Fisher writes: “Some companies are in the seemingly fortunate position that they can maintain profit margins simply by raising prices. This is usually because they are in industries in which the demand for their products is abnormally strong or because the selling prices of competitive products have gone up even more than their own.” (Fisher, 1958, 1974, 1996) p.64. Fisher would add, some companies are of a type that is ‘fortunate because it is able’. (Fisher, 1958, 1974, 1996) p.50.

Characteristics of an attractive business include growth from existing products and from new ones; a high profit margin and return on capital, together with favorable trends for both; effective research; a superior sales organization; a leading industry position giving advantages of scale; and a valid ”franchise” – proprietary product or services.

This leads directly to Warren Buffett’s concept of ‘moats’, a term he coined about fifty years ago. The term is in common use. The metaphor is a bit stark. Moats in business are sometimes stark and sometime subtle.

I can do no better than quote Morningstar’s discussion of moats:

“Morningstar has identified five potential sources of an economic moat, which are described below. Every company with an economic moat rating of wide or narrow exhibits at least one of these sources of advantage, and in some cases more than one.

Network Effect. The network effect occurs when the value of a company’s service increases for both new and existing users as more people use the service. For example, millions of buyers and sellers on eBay (EBAY) give the company an advantage over other online marketplaces. The more sellers there are on eBay, the more likely buyers are to find what they’re looking for at a decent price. The more buyers there are, the easier it is to sell things.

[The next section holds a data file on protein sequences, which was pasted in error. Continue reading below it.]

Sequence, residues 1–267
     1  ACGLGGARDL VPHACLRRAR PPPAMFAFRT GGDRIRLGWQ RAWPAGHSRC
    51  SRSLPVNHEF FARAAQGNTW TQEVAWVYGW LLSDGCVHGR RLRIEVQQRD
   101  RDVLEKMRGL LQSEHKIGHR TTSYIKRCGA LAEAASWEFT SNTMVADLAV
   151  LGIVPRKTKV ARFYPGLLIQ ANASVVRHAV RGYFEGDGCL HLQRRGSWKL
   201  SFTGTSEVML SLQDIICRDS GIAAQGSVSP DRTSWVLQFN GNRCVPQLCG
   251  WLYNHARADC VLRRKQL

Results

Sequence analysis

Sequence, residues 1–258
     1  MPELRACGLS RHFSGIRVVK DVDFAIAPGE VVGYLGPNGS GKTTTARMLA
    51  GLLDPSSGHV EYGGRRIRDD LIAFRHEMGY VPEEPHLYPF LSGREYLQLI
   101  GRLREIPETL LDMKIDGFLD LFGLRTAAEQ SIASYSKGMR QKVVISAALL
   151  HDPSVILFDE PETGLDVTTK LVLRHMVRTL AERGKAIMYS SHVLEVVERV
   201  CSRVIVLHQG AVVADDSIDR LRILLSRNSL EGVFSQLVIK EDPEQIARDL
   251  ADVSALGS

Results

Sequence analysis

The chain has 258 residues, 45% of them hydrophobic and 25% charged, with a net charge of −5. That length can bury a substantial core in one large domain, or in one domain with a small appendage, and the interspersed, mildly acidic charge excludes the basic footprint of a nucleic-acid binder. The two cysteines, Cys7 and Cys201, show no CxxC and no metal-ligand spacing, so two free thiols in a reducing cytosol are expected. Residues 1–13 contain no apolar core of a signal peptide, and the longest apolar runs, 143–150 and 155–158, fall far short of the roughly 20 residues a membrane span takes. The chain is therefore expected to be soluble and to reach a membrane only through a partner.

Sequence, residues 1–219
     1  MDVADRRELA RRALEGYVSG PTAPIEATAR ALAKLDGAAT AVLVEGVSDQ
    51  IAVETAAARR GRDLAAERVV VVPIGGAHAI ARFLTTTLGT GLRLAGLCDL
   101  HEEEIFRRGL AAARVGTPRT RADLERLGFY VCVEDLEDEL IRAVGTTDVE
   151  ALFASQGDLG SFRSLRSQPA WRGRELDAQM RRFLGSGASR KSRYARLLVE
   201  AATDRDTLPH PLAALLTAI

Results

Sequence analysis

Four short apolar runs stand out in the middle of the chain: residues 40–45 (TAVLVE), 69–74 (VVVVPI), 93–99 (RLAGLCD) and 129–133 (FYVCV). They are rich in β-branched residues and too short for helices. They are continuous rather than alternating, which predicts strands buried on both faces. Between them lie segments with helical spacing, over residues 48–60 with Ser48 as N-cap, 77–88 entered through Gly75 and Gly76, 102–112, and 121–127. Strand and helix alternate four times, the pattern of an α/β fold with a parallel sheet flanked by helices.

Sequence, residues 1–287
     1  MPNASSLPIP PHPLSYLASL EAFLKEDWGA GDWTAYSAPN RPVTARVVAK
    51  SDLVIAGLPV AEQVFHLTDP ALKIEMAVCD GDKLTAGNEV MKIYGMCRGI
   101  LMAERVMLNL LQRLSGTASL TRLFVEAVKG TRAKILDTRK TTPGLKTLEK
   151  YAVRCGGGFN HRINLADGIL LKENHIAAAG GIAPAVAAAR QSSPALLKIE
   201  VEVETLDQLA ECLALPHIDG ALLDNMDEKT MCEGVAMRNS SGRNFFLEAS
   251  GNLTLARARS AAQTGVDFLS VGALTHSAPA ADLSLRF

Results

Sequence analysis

Intangible Assets. Patents, brands, regulatory licenses, and other intangible assets can prevent competitors from duplicating a company’s products, or allow the company to charge a significant price premium. For example, patents protect the excess returns of pharmaceutical manufacturers such as Novartis (NVS). When patents expire, generic competition can quickly push the prices of drugs down 80% or more.

Cost Advantage. Firms with a structural cost advantage can either undercut competitors on price while earning similar margins, or they can charge market-level prices while earning relatively high margins. For example, Express Scripts (ESRX) controls such a large percentage of U.S. pharmaceutical spending that it can negotiate favorable terms with suppliers like drug manufacturers and retail pharmacies.

Switching Costs. When it would be too expensive or troublesome to stop using a company’s products, the company often has pricing power. Architects, engineers, and designers spend entire careers mastering Autodesk’s (ADSK) software packages, creating very high switching costs.